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I’m So Tired

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Is your spirit spinning in a dusty whirlpool of disgusting news? I keep thinking I can walk my way out of it, like after the election.

But this requires marching.

Attempting to write my way out, like after the Newtown shootings, I wrote an uplifting piece that tapped into a story connecting 1967 with 2017 – about my mother, my daughter and me – united in a mission to protect women’s rights. I planned to publish that today.

But the sweetness of the moment got tossed aside by recent events.

Trying hard not to let outrage rule my life, I will organize, resist and march. Because I love this country.

But today, I am dispirited and whirling. It’s going to be a long four years, and I’m already so tired of…

Image via nataliehsc, Etsy

It’s Only Rock and Roll

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Had an interesting discussion last night with my brother about the packaging and personality of music — the lost art of album covers and lyric inserts.

My brother is in the music biz. Along with partner, Chuck Leavell — The Rolling Stone’s legendary keyboardist — he’s created irocku, a website that provides online rock music lessons.

We talked about how we’ve wholeheartedly embraced digital music, but cannot remember the words to current songs. Could it be age, or that we don’t watch music videos? We agreed that it was most likely because we read album covers and inserts.

We looked at music differently.

The covers of The Beatles White Album and James Taylor’s Sweet Baby James, are indelibly inked in my music memory. The late 1960’s and early ’70’s were chaotic, full of friction and heady introspection. All the coming of age stuff — that moment in time when life changes forever.

This excellent video critiques the intersection of culture, music, art — and its changes:

What’s your most memorable album cover?

The Poetry of Ikebana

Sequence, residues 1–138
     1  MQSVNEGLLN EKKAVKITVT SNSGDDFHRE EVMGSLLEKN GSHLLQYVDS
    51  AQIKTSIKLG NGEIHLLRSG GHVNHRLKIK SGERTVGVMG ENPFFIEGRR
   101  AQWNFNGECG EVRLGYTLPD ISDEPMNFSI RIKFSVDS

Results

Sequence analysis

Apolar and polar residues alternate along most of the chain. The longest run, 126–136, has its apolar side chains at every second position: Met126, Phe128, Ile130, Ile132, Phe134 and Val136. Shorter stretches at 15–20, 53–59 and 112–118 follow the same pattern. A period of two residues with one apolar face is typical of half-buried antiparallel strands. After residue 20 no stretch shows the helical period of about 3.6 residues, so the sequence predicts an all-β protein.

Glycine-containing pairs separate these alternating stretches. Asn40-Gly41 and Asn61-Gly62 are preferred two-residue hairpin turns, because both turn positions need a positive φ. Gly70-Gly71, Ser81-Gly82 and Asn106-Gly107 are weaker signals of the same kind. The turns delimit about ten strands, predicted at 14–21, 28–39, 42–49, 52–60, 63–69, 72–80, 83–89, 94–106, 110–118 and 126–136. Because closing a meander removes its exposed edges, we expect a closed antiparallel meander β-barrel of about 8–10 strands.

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I watched this short video about Ikebana, the Japanese art of flower arrangement, three times.

Years ago, when I was a teacher, I met a poet, Skip, who insisted children read poems three times to unlock the meaning. He asked them to experience a poem these three ways:

– Read it silently.
– Read it aloud, focusing on the sound of the poem — listening for rhyme and rhythm.
– Read the poem aloud, again, as if it is a blooming flower.

Ikebana is more than the creative expression of putting flowers in a container. It’s a disciplined Japanese art form that brings nature and humanity together. Steeped in the philosophy that being close to nature provides relaxation, the living branches, leaves, grasses, moss and seedpods produce natural shapes and graceful lines.

“In Japan, flower arrangements are used as decorations on a level with paintings and other art objects … The remarkably high development of floral art in Japan can be attributed to the Japanese love of nature. People in all countries appreciate natural beauty, but in Japan, the appreciation amounts almost to a religion.” ~ Ikebana International

Like poetry, watching this video three times made it bloom for me.

Spring is a tender time. There’s a youthful vibe in the changes and order of nature as life pops. What’s blooming for you?

Photo: Shutterstock

Adapt, Meddle, Adjust

When Dorothy clicked her ruby red slippers and said, “There’s no place like home,” she longed for the place that held all her favorite things, favorite people – her world.

So how do you create a home?

This New York Times house tour of the home of interior designer, assemblage artist (!), Faye Toogood answers:

“I like to combine the precious and the raw,” Organic tinkering comes out her need to “adapt, meddle or adjust” the objects in her home.

All that attentive rearranging is well composed – neither minimalist nor overdone. “I love things that are really old but look modern.” Home.

Future Engineers

“More than a princess. We are the champions.

This GoldieBlox musical manifesto featuring little girls with big voices and an even bigger mission made me smile. How about you?